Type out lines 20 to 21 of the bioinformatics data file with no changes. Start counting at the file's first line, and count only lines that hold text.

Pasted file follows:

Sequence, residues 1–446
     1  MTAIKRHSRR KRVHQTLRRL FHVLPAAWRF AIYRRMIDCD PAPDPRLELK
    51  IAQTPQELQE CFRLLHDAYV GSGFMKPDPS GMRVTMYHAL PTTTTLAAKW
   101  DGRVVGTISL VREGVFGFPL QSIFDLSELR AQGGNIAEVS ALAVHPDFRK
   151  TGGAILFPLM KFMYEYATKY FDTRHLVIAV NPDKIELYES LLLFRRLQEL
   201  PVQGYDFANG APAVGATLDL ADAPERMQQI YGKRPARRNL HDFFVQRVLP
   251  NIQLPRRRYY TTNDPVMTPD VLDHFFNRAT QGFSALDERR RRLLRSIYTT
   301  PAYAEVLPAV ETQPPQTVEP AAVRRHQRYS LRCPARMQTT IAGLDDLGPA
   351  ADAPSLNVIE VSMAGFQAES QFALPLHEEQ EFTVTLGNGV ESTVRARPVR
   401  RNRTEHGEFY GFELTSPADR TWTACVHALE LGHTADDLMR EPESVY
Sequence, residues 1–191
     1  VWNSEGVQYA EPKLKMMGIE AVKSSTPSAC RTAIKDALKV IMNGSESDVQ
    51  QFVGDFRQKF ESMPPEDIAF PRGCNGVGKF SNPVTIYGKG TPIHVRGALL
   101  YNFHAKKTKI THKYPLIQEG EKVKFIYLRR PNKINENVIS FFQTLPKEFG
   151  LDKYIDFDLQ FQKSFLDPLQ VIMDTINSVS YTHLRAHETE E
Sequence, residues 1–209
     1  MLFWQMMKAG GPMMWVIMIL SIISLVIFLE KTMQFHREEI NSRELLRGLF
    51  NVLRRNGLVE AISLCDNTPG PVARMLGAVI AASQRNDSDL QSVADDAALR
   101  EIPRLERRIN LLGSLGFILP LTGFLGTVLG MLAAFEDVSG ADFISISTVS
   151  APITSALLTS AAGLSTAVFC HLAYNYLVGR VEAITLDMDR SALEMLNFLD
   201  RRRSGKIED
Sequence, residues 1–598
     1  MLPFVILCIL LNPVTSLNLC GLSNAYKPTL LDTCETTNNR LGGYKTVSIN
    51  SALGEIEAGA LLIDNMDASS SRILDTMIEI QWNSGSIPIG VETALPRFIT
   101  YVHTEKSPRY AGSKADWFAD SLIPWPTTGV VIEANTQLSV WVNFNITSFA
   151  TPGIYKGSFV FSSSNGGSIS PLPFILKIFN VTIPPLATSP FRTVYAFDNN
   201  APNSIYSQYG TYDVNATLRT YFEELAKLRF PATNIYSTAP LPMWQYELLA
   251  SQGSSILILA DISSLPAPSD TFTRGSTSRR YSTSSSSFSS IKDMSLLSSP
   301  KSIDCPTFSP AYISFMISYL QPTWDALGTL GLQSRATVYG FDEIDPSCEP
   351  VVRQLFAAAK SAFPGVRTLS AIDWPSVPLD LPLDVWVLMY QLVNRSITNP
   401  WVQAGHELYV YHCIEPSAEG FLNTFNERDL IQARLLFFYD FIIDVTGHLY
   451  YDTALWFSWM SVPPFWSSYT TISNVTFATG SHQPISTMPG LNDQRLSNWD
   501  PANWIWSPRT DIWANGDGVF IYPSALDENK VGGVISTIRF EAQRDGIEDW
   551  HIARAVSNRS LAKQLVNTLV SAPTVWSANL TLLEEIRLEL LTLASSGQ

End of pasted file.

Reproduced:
   151  APITSALLTS AAGLSTAVFC HLAYNYLVGR VEAITLDMDR SALEMLNFLD
   201  RRRSGKIED